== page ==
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Adult Subcutaneous Insulin Pump On Line Resource Catherine Lai RN-BC CN III Project Mary M. Sullivan RN, MSN, ANP-BC, CDE Diabetes CNS 1.

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Presentation on theme: "Adult Subcutaneous Insulin Pump On Line Resource Catherine Lai RN-BC CN III Project Mary M. Sullivan RN, MSN, ANP-BC, CDE Diabetes CNS 1."— Presentation transcript:

1 Adult Subcutaneous Insulin Pump On Line Resource Catherine Lai RN-BC CN III Project Mary M. Sullivan RN, MSN, ANP-BC, CDE Diabetes CNS 1

2 A bolus dose of insulin can be given to cover the glucose that comes from the carbohydrates that the patient eats and/or to cover a high blood glucose level. What is an Insulin Pump ? The insulin pump continuously delivers a small amount of rapid acting insulin Aspart or Lispro at a basal rate to help the body to utilize the glucose that is in the blood stream at the time. A subcutaneous insulin pump is a battery – operated device, designed to deliver insulin into the users body 24 hrs a day according to a preset program. 2

3 The infusion set is a connection between the body and the insulin pump. The infusion set is composed of a cannula or needle, adhesive dressing, tubing and a connector to the pump cartridge. The infusion set is inserted subcutaneously. The infusion set is usually inserted in the abdomen, but can be placed in other locations, e.g. thigh, back of the arms or the upper buttocks. What is an Infusion Set ? 3

4 4 Infusion Set Continued:

5 An insulin pump and infusion set. The infusion set is shown loaded into a spring-loaded insertion device (the blue object). A reservoir of insulin is shown attached to the set.. 5

6 Rapid acting insulin supplied by UCSF hospital pharmacy Aspart Insulin Lispro Insulin Insulin for Pump 6

7 Critical Points Because the pump uses a rapid acting insulin analogue (lispro or aspart), the patient is at risk for developing diabetic ketoacidosis if: the pump malfunctions the set dislodges or kinks the reservoir becomes empty The blood glucose level should be monitored: the patient is eating (before meals, bedtime, 2 am) 7 The insulin pump should be disconnected from the infusion set for: - Mammograms- Bone density tests - Radiation treatment - CT scan - MRI - X-rays The infusion set can remain in place provided it is not metal. The Sure-T and the Detach Infusion set contain metal and must be removed prior to MRI.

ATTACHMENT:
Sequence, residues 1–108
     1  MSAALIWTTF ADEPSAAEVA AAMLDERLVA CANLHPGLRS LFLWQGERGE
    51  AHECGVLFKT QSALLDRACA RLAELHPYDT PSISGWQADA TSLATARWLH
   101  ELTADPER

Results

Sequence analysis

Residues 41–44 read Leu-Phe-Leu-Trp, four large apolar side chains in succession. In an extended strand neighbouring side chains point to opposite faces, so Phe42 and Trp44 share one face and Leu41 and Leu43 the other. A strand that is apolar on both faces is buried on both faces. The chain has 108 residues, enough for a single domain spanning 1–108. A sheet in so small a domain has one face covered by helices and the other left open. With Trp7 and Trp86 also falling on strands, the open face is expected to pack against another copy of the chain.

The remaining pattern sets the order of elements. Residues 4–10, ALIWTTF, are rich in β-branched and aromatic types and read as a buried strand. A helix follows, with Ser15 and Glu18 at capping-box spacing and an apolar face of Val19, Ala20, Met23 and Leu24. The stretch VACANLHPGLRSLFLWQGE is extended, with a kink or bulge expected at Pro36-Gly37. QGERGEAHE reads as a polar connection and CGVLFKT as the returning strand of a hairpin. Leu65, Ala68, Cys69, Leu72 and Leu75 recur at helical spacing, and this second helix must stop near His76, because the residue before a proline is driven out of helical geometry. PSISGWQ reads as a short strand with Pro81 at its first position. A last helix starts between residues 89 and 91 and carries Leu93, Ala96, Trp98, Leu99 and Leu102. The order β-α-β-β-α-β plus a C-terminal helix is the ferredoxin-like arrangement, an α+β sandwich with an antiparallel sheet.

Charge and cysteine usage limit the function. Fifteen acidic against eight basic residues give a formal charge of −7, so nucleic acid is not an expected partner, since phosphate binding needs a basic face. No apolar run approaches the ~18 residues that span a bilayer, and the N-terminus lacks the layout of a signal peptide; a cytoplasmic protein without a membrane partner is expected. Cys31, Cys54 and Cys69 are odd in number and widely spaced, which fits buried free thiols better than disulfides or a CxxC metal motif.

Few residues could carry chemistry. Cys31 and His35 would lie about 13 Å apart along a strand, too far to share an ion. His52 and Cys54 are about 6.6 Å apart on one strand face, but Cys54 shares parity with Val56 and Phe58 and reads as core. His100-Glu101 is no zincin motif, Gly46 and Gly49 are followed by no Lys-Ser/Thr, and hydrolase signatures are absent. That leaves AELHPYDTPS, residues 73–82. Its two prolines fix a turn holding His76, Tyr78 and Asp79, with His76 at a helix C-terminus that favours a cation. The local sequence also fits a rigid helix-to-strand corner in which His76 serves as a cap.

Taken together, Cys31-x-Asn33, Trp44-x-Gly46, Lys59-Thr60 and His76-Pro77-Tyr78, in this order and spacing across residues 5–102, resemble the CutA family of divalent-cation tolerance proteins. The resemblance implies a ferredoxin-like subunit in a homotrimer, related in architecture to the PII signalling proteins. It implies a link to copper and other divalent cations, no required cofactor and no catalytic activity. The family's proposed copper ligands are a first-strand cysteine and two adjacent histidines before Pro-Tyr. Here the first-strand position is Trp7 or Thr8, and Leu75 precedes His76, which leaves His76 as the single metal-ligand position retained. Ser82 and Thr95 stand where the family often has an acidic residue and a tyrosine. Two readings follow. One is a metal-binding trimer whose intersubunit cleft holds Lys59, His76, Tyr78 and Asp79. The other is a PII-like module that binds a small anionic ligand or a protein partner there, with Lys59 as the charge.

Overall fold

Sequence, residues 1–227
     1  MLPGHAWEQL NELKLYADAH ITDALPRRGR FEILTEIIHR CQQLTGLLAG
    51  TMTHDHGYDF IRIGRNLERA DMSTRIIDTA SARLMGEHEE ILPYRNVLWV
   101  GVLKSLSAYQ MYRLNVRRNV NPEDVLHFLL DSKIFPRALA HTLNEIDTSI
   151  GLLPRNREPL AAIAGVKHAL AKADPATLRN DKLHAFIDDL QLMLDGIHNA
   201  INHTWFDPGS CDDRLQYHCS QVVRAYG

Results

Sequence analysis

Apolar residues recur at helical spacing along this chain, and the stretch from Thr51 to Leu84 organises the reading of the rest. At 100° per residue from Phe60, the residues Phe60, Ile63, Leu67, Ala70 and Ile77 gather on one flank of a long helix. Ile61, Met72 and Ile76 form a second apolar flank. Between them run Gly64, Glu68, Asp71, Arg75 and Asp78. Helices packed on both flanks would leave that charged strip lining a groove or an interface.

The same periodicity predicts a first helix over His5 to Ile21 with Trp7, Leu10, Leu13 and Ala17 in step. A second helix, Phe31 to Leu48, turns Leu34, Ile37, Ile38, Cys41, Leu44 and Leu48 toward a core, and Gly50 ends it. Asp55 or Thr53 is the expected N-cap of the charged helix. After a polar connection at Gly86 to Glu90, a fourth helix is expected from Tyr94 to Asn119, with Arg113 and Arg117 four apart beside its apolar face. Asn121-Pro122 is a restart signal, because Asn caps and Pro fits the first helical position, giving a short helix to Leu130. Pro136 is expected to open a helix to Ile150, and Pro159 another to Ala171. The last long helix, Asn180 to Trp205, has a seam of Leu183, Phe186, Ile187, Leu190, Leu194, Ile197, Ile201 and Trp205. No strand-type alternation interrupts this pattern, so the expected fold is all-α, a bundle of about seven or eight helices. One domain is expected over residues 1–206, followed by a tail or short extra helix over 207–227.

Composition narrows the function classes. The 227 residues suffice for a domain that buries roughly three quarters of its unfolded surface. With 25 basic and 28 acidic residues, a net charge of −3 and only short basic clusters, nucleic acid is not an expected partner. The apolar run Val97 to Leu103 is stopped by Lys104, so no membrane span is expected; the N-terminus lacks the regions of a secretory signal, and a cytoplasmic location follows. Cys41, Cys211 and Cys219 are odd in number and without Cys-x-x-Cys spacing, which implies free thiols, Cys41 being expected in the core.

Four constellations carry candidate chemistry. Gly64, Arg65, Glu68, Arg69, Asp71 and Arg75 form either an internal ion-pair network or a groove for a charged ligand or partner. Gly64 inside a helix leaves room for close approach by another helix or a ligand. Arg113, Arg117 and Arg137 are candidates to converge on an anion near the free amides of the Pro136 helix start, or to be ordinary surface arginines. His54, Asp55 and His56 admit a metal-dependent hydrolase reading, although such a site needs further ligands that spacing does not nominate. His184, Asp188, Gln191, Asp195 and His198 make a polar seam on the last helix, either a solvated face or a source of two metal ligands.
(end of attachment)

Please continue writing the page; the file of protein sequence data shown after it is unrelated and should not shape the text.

8 Physicians Responsibilities The Primary team must contact Endocrine service, for an insulin pump plan evaluation. A patient may only use their own insulin pump if they are cognitively intact, demonstrate knowledge about pump operation and have been evaluated by Endocrine service. The team will write orders on form # ( ). ADULT SUBCUTANEOUS INSULIN PUMP ORDER SET. Endocrine service will give the patient form # ( ). ADULT GUIDELINES FOR USING YOUR SUBCUTANEOUS INSULIN PUMP WHILE IN THE HOSPITAL. 8

9 MD writes an order for: Insulin Pump Instructions: a.Insulin type b.Basal rate c.Carbohydrate ratio d.High glucose correction 9

10 Patients Responsibility The patient will need to supply his own infusion sets, reservoirs / cartridges and pump batteries. The patient must change and fill the pump reservoir and infusion set to insulin supplied by Hospital. 10 The patient must change the infusion set every 72 hours or sooner if dislodged, if redness develops at the insertion site, or if unexplained hyperglycemia occurs (BG >300 mg/dL) x 2. The patient must not change pump settings without MD direction. The patient must not give boluses without RN supervision.

11 Endocrine service will give patient this form. 11 Adult Guidelines for Using Your Subcutaneous Insulin Pump While in Hospital form ( ).

12 Pharmacy Responsibilities Pharmacy will supply the vial of LISPRO or ASPART insulin. 12

13 RN Responsibilities Procedure 1.Check infusion site for redness or dislodgement of the infusion catheter every shift. 2.Verify and document the pumps basal rate, carbohydrate ratio, and correctional insulin dose in U care. 13

14 RN Responsibilities continued: Documentation in UCARE 14

15 15 RN Responsibilities continued: 3.If the patient is unable to show the RN: the basal rate carbohydrate ratio high glucose correction on the pump It is inappropriate for the patient to be on an insulin pump at this time. The team must be contacted to write appropriate orders to switch patient to Subcutaneous insulin or intravenous insulin infusion.

16 6.Prevent Diabetic Ketoacidosis on the pump: 16 BG >300 mg/dL x 2 Notify MD Ask the patient to change his infusion set. RN Responsibilities continued: 4.Verify the pump reservoir has enough insulin for 24 hours, the patient to change reservoir syringe if necessary. 5.Supervise boluses of insulin given via insulin pump by patient. 2 RNs to check insulin vial supplied by hospital pharmacy. Primary RN will observe patient draw up insulin using a new reservoir syringe/set. 2 RNs to check with any changes to pump settings ordered by MD.